Episode 22a: Whistler Update in Emergency Medicine Conference 2012

In this bonus episode, our second installment of the highlights from Whistler Update in Emergency Medicine Conference 2012, we have Dr. Eric Letovsky talking about complications of MI and the importance of listening for cardiac murmurs. Next, I moderate an expert panel on the current trends on imaging patients who present with renal colic and query appendicitis with Dr. Connie Leblanc, Dr. Joel Yaphe, Dr. David MacKinnon & Dr. Eric Letovsky. We then hear from Dr. Adam Cheng, Dr. Dennis Scolnick & Dr. Anna Jarvis in a pediatric expert panel about the newest on minor head injury, otitis media, mastoiditis and bronchiolitis. Dr. David Carr reviews one of the most important articles in 2011 regarding subarachnoid hemorrhage, and Dr. David MacKinnon gives us tonnes of clinical pearls when it comes to everyone’s favourite subject, anorectal disorders.

 

MECHANICAL COMPLICATIONS OF ACUTE MYOCARDIAL INFARCTION

Eric Letovsky

  • Free wall rupture – patients usually come in VSA
  • Interventricular wall rupture – patients present in profound shock, with distended neck veins and a palpable thrill felt over precordium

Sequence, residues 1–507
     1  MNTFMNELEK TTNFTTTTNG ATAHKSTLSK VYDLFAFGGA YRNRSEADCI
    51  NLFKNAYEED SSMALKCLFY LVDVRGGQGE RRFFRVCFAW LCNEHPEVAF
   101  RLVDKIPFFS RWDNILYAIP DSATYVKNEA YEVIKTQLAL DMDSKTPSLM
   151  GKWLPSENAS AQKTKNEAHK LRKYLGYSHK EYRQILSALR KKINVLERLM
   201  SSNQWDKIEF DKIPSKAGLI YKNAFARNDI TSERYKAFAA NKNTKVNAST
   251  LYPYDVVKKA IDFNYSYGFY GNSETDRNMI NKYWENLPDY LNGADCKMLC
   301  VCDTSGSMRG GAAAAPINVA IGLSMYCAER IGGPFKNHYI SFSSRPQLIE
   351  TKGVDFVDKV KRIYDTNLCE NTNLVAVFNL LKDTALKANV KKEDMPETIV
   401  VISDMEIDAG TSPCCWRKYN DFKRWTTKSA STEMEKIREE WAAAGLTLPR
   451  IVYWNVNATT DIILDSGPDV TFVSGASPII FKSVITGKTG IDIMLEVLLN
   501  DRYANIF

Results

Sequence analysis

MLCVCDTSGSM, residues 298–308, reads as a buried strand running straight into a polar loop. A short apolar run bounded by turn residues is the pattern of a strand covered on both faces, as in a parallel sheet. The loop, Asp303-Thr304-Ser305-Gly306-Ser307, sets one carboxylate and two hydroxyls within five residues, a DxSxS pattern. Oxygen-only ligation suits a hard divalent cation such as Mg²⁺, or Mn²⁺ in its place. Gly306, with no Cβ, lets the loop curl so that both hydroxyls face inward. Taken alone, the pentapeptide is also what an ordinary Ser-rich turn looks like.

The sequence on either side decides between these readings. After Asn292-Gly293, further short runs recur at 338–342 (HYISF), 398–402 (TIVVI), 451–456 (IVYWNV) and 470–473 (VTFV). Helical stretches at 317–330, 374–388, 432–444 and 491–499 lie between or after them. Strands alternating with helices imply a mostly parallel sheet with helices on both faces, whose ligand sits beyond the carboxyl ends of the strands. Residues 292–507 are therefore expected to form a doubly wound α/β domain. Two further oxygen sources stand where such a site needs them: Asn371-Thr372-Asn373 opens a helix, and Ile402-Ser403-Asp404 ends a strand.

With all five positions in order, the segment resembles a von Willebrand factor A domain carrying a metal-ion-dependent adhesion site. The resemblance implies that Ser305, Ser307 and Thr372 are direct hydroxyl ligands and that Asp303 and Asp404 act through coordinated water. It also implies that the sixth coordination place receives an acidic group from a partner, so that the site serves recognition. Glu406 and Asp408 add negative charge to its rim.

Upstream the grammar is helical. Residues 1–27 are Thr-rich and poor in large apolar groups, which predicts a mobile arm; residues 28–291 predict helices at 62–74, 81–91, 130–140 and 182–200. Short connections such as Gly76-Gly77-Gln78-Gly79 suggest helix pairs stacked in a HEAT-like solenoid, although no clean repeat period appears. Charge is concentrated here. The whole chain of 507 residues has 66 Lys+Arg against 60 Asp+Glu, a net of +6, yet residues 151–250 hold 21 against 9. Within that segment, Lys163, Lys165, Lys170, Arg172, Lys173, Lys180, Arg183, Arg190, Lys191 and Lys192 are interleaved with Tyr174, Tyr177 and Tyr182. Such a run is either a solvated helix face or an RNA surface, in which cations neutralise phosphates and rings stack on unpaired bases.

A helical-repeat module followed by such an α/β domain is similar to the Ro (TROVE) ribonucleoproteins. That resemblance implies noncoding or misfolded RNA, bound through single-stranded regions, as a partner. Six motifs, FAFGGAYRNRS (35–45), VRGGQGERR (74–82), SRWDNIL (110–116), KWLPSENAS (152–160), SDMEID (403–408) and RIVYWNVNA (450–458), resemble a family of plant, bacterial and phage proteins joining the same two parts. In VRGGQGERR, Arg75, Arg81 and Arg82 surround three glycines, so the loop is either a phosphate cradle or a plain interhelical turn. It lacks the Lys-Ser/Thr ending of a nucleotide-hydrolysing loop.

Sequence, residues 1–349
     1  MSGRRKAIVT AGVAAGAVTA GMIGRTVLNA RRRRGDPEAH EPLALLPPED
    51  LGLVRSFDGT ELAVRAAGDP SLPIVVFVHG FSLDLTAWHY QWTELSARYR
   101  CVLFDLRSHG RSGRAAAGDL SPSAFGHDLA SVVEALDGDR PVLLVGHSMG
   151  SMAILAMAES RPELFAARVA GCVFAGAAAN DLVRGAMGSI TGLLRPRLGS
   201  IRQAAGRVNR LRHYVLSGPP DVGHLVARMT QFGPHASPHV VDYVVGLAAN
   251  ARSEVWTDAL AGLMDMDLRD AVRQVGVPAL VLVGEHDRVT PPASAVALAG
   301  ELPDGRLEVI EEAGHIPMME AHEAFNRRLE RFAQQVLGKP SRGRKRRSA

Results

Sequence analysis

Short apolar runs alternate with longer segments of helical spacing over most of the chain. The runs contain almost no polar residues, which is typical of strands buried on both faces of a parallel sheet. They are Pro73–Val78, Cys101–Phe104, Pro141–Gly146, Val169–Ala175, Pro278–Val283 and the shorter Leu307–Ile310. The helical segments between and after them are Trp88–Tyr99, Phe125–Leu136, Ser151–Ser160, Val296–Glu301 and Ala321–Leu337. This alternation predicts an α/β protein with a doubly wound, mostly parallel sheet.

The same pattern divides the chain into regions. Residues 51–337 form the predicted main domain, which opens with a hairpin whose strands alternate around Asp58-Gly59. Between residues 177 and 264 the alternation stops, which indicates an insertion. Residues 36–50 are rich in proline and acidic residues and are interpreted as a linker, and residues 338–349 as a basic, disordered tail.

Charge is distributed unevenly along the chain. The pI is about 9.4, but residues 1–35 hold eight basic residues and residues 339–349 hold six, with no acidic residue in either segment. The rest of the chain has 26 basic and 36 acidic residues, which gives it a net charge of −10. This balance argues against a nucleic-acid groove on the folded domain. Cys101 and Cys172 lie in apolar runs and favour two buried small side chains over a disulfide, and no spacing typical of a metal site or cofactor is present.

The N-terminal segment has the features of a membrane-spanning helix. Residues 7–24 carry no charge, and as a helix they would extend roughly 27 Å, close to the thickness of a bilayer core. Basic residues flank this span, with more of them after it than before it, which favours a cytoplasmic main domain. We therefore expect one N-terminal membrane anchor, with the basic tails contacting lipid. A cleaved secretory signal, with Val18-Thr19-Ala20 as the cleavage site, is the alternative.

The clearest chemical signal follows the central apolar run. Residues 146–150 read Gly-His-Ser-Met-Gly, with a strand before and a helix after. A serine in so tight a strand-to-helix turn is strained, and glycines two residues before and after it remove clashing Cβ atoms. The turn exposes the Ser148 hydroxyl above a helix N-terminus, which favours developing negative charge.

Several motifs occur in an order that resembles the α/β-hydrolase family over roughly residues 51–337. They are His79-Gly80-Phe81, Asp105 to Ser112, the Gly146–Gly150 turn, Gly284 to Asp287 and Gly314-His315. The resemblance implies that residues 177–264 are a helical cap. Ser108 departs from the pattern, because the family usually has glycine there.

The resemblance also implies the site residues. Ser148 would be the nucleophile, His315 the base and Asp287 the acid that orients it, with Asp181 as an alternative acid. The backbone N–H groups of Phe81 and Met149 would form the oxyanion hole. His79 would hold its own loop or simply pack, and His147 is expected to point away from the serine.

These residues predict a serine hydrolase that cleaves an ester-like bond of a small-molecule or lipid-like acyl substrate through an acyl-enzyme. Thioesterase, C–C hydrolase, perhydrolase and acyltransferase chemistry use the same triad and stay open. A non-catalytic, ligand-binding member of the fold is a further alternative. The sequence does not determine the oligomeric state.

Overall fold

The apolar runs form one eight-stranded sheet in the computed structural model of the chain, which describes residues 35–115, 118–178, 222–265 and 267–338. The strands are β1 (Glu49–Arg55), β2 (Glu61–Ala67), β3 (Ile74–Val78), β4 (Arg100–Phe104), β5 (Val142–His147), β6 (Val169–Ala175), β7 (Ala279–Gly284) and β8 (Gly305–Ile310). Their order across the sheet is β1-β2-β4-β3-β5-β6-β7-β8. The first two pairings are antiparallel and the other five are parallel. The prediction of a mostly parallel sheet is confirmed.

• Acute papillary muscle rupture leading to severe mitral regurgitation – patients present in acute pulmonary edema, and have a loud, holosystolic murmur loudest at the apex, usually from inferior MI that can be a small MI

 

ANORECTAL DISORDERS

David MacKinnon

  • WASHtherapy for most diseases: Warm Water, Analgesia, Stool softeners/Laxatives (not Colace as it is not effective), High fiber diet
  • No good evidence for sitz baths
  • Thrombosed external hemorrhoid management: thrombectomy (excision leads to fewer recurrences than incision alone), most effective topical treatment is lidocaine gel with nifedipine gel (96% resolution in 2wks in one small study)
  • Thrombectomy method: use local anesthetic directly in the hemorrhoid itself, do elliptical incision with scalpel to allow evcuation of clot, then excise the skin tag, clean and put gauzes between the buttock cheeks with the underwear over it
  • Peri-anal abscesses (consider procedural sedation, X-shaped incision & only 1 time packing) that may extend further (eg, ischiorectal, intersphincteric and supralevator) may present with few signs of abscess, but pain out of proportion to findings, tenesmus on rectal exam, may result in permanent anal sphincter dysfunction and should be managed in the O.R. and followed by surgery
  • Rectal foreign body: Be careful about attempting to remove large rectal foreign bodies that have been in situ for prolonged periods of time, as they might be higher than expected and the rectal wall may be thin and fragile due to pressure and ischemia, and therefore at risk for perforation
  • Consider using vaginal speculum, a Foley catheter that is passed beyond and then inflated, suprapubic pressure, and always be careful of sharp objects (x-ray all of them!)